They (the Honey Bees) are going strong. The hive is densely populated. It’s still summer and they have time to accumulate more pollen and nectar, regurgitate them over and over until a substance called Honey is produced.
On Wednesday, we felt it was a good time to harvest some honey and out of over 20 bars in our top-bar hive, 3 bars of honey-filled combs were all we would be taking. They deserve to keep the rest for themselves.
Apart from just harvesting honey, an inspection was needed to ensure that there wasn’t an invasion of beetles or mites.
We were little worried last week about our busy clumping bees. It wasn’t the usual buzzing around when some housekeeping, or should I say hivekeeping, is in operation. They were just in a cluster which, since it’s Spring, made us wonder if they were prepared to swarm.
Preparing to Swarm???
DH decided to do a quick check ~ to see if it was their space or their population growth that might have contributed to this clump being formed.
Checking the top bar hive.
It was actually quite “full” of comb (both honey and brood) so he added a few new bars and removed some boards, giving them more room to make new comb.
Quick inspection & remedial action done.
Notice in the top photo that an entrance has a stopper. When the hive was young & new combs were being built, space and doorway guidance were helpful, so 2 openings were sufficient, but now …
Sky was clear and air was still. Lots of bees were out foraging for nectar and pollen and we decided that conditions were ideal to do a special check on our “new” hive, which began with a swarm that visited our Swarm Box in early April and were moved to their new home-hive in mid-April. Our main concern today was mites, which if found, we wanted to get rid of at an early stage.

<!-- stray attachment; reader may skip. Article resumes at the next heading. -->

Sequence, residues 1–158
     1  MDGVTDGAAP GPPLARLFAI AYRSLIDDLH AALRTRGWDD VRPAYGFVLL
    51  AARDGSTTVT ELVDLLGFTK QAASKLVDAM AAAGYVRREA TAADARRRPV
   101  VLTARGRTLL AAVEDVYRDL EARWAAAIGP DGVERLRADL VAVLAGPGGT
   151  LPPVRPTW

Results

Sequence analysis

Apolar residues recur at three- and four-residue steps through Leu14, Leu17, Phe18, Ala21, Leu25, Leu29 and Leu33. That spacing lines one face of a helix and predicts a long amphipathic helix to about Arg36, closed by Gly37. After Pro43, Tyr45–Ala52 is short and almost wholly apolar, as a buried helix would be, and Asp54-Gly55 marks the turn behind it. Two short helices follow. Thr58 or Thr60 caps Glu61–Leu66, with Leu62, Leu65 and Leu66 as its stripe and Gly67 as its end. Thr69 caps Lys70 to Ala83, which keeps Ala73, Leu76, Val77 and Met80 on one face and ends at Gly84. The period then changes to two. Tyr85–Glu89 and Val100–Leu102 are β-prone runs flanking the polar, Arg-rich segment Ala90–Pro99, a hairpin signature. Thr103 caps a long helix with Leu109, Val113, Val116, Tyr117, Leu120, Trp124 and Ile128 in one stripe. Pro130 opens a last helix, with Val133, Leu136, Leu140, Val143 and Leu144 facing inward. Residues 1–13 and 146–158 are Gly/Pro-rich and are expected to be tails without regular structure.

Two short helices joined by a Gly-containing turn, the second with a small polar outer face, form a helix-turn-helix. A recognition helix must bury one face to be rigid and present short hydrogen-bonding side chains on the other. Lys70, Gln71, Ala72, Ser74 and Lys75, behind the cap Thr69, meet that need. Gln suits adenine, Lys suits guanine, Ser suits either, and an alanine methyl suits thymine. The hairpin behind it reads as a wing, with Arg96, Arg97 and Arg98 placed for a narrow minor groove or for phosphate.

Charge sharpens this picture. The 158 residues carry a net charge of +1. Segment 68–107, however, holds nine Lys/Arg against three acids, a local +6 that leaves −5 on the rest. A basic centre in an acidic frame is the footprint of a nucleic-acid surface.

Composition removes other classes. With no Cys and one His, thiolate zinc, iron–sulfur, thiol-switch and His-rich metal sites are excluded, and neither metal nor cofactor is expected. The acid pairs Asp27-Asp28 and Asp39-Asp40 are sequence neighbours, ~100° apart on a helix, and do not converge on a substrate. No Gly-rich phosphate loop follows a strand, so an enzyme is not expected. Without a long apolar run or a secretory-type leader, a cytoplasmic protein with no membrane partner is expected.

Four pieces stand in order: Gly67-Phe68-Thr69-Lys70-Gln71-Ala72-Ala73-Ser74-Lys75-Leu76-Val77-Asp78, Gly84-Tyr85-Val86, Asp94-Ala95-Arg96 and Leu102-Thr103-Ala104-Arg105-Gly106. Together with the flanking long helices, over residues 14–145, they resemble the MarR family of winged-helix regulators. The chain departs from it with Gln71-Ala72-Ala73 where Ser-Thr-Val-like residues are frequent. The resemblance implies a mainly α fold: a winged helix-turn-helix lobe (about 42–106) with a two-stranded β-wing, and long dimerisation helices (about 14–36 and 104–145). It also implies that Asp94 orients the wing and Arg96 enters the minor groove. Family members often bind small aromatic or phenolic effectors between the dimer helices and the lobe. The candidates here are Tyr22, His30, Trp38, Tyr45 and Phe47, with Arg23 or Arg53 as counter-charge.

So, the roof of the Top-Bar Hive got removed & the combs were inspected bar-by-bar.
Looked healthy, mite free.
Walls, base, combs looked “clean”.
Apart from mites, we were also trying to spot the Queen …
Lots of nanny workbees, some drones, capped cells ~ but couldn’t spot the Queen.
8 combs build in about 12 weeks.
They were healthy and happy (except during our short intrusion)
We now have peace of mind for these “newcomers”.
It is our hope that one day we will be granted audience with their Queen.
It’s been 6 days since we spotted Swarm No. 2 but how long had it been there before we noticed it is anyone’s guess. Day after day I’ve been watching it closely hoping that the “scouts” would persuade the Queen-bee to move to the Swarm Box a.k.a. Hivingham Palace.
Alas (or should I be filled with glee?), I think they’ve made their decision to live in a Treehive about 25 feet above ground level.
… still up on the tree today.
How did I come to that conclusion? Well, the wind & rain calmed down today and while the workers were out gathering food, I actually saw a comb.
a tree comb!
Is their comb safe on the tree? Will it get heavy and fall off when filled with honey and larvae? I guess Mother Nature will show me how she works on things.
Now, there are 2 Swarms of Bees in our front yard!!
“Ask and it will be given to you; seek and you will find…” ~ Matthew 7:7
Our Swarm Box saga, parts 1 & 2 is finally coming to its finale.
Swarm Box on Top-Bar Hive